Wall St. Discounts Option Rule Shift

Times Staff Writer

Earnings reported by major technology companies would be cut sharply by an expected rule change on stock options, but many big investors are saying the change wouldn’t make them less willing to buy or hold tech stocks.

Some say the proposed shift -- a requirement that the cost of employee stock option grants be counted as a business expense -- might even improve the financial image of tech companies with investors.

For firms such as wireless technology giant Qualcomm Inc., there is no sign that the market is beginning to view their shares in a different light. The San Diego-based company’s stock has surged this year to its highest level since 2001, even though Qualcomm may have to slash last year’s reported earnings by nearly one-third if the options accounting change takes effect.

If the market was terribly worried, the tech-heavy Nasdaq composite stock index probably wouldn’t have soared 46% over the last year, experts say.


The new bookkeeping rule, which could be proposed by the Financial Accounting Standards Board as early as today, has been in the works for more than two years. It would address a long-standing controversy over the accounting treatment of stock options, which in the 1990s became a favorite form of employee compensation at many firms.

An option is the right to buy shares at a set price within a specified time frame. If a company’s stock price soars, options can be extraordinarily lucrative for workers who get them.

Under current accounting rules, firms aren’t required to formally deduct option expenses from net income -- even though critics say there unquestionably is a long-term cost to any business, and its existing shareholders, from issuing more stock. Many companies have argued that there is no fair way to value stock options.

The FASB, which is responsible for setting U.S. accounting standards, is expected to propose that all companies must estimate option costs and include them as a normal business expense on income statements.


Technology companies, which have been heavy users of options, would be hit hardest by the change, analysts say. Qualcomm, for example, reported fiscal 2003 net income of $827.4 million, or $1.01 a share. If it had been forced to charge the cost of employee options against income, Qualcomm said, profit would have been $567.7 million, or 69 cents a share.

EBay Inc., the Internet auction company, said its 2003 profit would have been 37 cents a share with options costs, or 45% less than the 67 cents reported.

In theory, if investors have bid up technology stock prices based in large part on the companies’ bottom lines, the shares could face a markdown if earnings are shown to be far less than originally reported.

That’s one of the arguments Silicon Valley has used in its fight to stop the FASB from instituting the rule change.


Rick White, chairman of the International Employee Stock Options Coalition, whose corporate members are opposed to option expensing, said companies feared that investors would penalize their shares because “over a long period of time, the earnings would have to be lower” if option costs are deducted.

But some money managers say those concerns are overblown. They note that Wall Street has been expecting the rule change in the wake of the corporate accounting scandals that began with Enron Corp. in 2001. So there’s no element of surprise in the proposal.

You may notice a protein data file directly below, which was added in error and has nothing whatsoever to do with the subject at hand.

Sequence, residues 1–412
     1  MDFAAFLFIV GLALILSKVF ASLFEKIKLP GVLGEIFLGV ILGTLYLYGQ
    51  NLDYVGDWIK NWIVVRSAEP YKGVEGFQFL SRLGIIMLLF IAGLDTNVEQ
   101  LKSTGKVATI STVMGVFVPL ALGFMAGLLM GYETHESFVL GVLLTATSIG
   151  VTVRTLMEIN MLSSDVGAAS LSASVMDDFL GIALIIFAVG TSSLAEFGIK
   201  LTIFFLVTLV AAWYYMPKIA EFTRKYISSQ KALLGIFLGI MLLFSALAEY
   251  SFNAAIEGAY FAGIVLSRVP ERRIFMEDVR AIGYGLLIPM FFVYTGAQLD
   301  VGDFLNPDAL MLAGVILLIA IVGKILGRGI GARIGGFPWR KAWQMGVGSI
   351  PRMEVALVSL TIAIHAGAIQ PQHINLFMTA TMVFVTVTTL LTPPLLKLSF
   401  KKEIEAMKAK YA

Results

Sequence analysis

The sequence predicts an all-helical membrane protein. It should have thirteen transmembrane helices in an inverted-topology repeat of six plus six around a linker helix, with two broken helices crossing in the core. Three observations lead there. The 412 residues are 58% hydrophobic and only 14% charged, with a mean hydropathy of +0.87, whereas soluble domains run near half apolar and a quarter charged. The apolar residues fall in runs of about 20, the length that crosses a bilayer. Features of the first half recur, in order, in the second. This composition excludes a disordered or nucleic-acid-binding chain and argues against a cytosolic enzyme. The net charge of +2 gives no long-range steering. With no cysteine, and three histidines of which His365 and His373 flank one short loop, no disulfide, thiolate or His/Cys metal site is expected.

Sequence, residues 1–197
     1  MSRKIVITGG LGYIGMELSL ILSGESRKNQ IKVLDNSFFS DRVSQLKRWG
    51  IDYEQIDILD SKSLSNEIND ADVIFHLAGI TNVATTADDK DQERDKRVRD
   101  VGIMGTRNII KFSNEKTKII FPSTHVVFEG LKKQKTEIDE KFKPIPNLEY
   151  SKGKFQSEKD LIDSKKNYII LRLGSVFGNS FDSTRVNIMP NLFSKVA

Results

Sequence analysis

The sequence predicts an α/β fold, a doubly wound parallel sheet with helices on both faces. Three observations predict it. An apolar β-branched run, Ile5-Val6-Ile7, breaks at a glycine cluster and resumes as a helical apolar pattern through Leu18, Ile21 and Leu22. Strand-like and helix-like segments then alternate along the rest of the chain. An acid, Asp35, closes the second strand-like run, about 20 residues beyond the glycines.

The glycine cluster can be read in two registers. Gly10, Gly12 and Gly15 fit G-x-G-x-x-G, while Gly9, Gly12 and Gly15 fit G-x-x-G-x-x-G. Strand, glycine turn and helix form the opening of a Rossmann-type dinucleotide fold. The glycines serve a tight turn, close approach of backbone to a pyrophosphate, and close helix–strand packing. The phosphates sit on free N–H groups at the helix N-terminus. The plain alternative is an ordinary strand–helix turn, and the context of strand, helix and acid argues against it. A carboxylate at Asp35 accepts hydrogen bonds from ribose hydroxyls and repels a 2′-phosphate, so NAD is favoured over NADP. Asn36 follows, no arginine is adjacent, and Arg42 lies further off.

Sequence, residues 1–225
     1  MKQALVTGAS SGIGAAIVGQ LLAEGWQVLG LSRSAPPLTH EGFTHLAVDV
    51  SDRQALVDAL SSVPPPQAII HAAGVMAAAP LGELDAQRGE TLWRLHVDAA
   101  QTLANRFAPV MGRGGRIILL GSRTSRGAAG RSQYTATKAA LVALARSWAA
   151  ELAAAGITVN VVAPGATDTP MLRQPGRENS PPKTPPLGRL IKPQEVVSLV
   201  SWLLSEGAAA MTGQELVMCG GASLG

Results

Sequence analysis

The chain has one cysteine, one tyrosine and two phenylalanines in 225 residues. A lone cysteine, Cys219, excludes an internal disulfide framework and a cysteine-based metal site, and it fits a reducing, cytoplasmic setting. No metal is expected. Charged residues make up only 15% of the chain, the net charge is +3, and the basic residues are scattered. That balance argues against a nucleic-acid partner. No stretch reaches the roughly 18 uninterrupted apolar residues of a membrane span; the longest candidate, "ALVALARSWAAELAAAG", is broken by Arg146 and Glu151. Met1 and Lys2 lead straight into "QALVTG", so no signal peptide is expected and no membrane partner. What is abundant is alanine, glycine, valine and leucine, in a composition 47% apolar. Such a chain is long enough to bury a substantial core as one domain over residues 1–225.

Also, all companies are now required to include an estimate of option expenses in the footnotes to their financial statements, so investors already have a sense of what the costs to tech firms would be.

“You always look at that number as if it were a cash expense,” said Peter Goldman, a principal at Chicago Asset Management in Chicago.


More important, some money managers say, is that the fast-growing technology companies that are among the biggest grantors of options generally don’t attract investors based on the actual bottom-line profit they report.

Most growth-oriented investors focus on how fast a company’s sales and earnings are rising, not the numbers themselves, Goldman and other money managers say. The bet is on the company’s long-term promise.

For those investors, “what matters is the trend” in growth rather than how many pennies per share are earned, said John Buckingham, president of Al Frank Asset Management in Laguna Beach.

Other investors say they favor formal expensing of options for one of the same reasons tech firms oppose it: the idea that the accounting change might cause companies to be less generous with their option grants.


“This might make these companies stop giving away ridiculous amounts of options” to executives and other workers, said John Kornitzer, head of Kornitzer Capital Management in Shawnee Mission, Kan. “This would be more honest accounting. We’re all for it.”

Opponents of option expensing say that if companies cut back on option grants to avoid slashing earnings, the firms might have a harder time attracting talented workers.

Elizabeth Bramwell, head of Bramwell Capital Management in New York, said younger tech companies in particular could be hurt because “they may not have the cash to pay [workers]. Options have been very important to them.”

But Ralph Wanger, a veteran money manager at Columbia Wanger Asset Management in Chicago, said that if option expensing were uniformly required, he doubted that the effect would be too dire on any one group of companies. Many firms, he said, would probably shift to using other forms of compensation, such as outright grants of stock rather than options.


As for investors’ view of technology stocks in general, Wall Street isn’t likely to abandon any sector just because of an accounting change, said Brian Eisenbarth, a money manager at Davidson Investment Advisors in Great Falls, Mont.

“The markets are efficient enough to assign value where it should be assigned,” he said.